Carrying around extra pounds during middle age was associated with a higher risk of dementia later in life in a new study that followed twins in Sweden for 30 years.
This wasn't a subtle effect either. Being overweight increased the likelihood of later life dementia by about 80%.
Dr. Weili Xu, the study's lead author from the Karolinksa Institutet in Stockholm, said that the evidence is pointing in that direction. The findings, published in the journal Neurology, suggest that "control of body fat as early as middle life is important to prevent dementia later in life," she told Reuters Health.
Get baseline data
Xu and her colleagues analyzed data from close to 9,000 Swedish twins. When the participants were an average age of 43, they gave researchers information about their height and weight.
Get the follow up data
Thirty years later, the researchers examined the same individuals for signs of declining thinking and memory skills, then diagnosed some of them with Alzheimer's disease and other types of dementia.
Close to one in three of the participants were overweight or obese in middle age. And those that were had about an 80 percent higher chance of getting any kind of dementia than people of normal weight.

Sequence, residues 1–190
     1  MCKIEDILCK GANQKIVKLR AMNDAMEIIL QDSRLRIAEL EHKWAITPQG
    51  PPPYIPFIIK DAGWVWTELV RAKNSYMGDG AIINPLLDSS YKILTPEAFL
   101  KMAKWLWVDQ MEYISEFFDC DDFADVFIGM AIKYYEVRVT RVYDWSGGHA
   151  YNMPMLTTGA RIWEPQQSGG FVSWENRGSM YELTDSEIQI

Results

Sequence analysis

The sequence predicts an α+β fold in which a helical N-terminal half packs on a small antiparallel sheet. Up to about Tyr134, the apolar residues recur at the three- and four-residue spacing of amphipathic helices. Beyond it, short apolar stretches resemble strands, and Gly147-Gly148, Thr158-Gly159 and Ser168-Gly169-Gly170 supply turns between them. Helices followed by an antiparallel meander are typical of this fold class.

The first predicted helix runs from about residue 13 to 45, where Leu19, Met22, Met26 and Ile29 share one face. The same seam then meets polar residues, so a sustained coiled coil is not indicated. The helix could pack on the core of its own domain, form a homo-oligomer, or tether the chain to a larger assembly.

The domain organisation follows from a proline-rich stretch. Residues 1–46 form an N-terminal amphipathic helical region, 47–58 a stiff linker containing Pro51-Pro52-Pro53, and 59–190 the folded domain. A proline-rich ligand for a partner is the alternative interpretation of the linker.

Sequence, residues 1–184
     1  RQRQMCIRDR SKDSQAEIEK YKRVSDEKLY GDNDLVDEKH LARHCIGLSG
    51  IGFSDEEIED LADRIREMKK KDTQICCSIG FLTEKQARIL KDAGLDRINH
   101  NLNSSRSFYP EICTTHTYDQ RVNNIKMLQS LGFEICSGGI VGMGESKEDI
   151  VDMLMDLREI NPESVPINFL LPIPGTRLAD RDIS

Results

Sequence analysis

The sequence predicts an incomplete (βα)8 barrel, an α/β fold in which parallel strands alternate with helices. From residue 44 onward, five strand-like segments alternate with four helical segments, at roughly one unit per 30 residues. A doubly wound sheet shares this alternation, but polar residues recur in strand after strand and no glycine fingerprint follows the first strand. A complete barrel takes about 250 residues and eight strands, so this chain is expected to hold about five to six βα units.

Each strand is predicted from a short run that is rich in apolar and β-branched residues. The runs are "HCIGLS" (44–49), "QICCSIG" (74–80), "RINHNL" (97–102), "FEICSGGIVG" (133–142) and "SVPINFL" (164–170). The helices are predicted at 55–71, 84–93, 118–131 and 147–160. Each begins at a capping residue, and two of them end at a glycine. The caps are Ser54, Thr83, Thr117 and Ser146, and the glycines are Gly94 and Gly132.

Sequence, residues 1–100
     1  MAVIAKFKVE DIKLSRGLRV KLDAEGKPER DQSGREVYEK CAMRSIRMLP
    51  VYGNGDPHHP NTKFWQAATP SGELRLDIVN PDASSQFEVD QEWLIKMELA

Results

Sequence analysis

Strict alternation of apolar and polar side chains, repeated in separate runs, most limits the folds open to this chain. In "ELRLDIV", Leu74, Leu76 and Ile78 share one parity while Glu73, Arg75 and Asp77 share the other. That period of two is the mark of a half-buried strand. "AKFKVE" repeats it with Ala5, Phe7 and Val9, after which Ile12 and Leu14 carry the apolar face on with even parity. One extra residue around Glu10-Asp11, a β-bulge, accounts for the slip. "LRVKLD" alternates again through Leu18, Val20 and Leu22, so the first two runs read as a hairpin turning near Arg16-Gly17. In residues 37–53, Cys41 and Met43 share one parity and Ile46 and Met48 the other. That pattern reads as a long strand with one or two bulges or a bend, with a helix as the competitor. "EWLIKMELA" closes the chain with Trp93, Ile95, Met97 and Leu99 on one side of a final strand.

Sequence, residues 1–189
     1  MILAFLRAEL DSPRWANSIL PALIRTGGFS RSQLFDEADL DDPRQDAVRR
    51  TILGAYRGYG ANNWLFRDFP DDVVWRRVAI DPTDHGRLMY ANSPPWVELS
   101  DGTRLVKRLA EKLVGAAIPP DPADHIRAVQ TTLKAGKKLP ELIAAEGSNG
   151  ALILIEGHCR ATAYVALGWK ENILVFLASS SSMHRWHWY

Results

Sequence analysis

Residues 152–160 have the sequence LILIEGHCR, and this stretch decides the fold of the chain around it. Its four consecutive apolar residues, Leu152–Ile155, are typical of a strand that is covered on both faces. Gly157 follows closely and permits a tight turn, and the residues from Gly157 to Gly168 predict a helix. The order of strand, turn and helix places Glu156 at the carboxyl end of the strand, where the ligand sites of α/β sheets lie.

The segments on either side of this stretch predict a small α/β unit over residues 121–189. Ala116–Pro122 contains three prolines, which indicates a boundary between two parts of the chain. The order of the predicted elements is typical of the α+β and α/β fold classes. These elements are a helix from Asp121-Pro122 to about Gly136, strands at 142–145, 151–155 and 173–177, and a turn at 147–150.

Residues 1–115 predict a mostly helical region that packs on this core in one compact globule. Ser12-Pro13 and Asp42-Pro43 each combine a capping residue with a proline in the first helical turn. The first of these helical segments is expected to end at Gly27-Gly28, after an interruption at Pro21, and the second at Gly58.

The more participants weighed in mid-life, the higher their chance of getting dementia or "questionable dementia" - meaning they had signs of thinking and reasoning problems, but not enough to be diagnosed with dementia.
In total, about 4 percent of everyone in the study was diagnosed with dementia, and another 1 to 2 percent with questionable dementia.
Whether genes predispose a person to being overweight in adulthood, or it's just bad eating habits, the likely explanation for the link to dementia, researchers say, is that fat tissue in the body releases hormones and other signaling cells that may affect the brain's functioning.
In addition, Xu said, extra weight has been shown to increase a person's risk for diabetes and heart and blood vessel diseases - and those conditions are related to a higher dementia risk. However, the link between weight and dementia remained even after the researchers took other diseases into account.The findings are the latest evidence that preventing Alzheimer's disease and dementia starts long before their signs and symptoms typically show up, said Rachel Whitmer, an epidemiologist at Kaiser Permanente Division of Research in Oakland who was not involved in the study.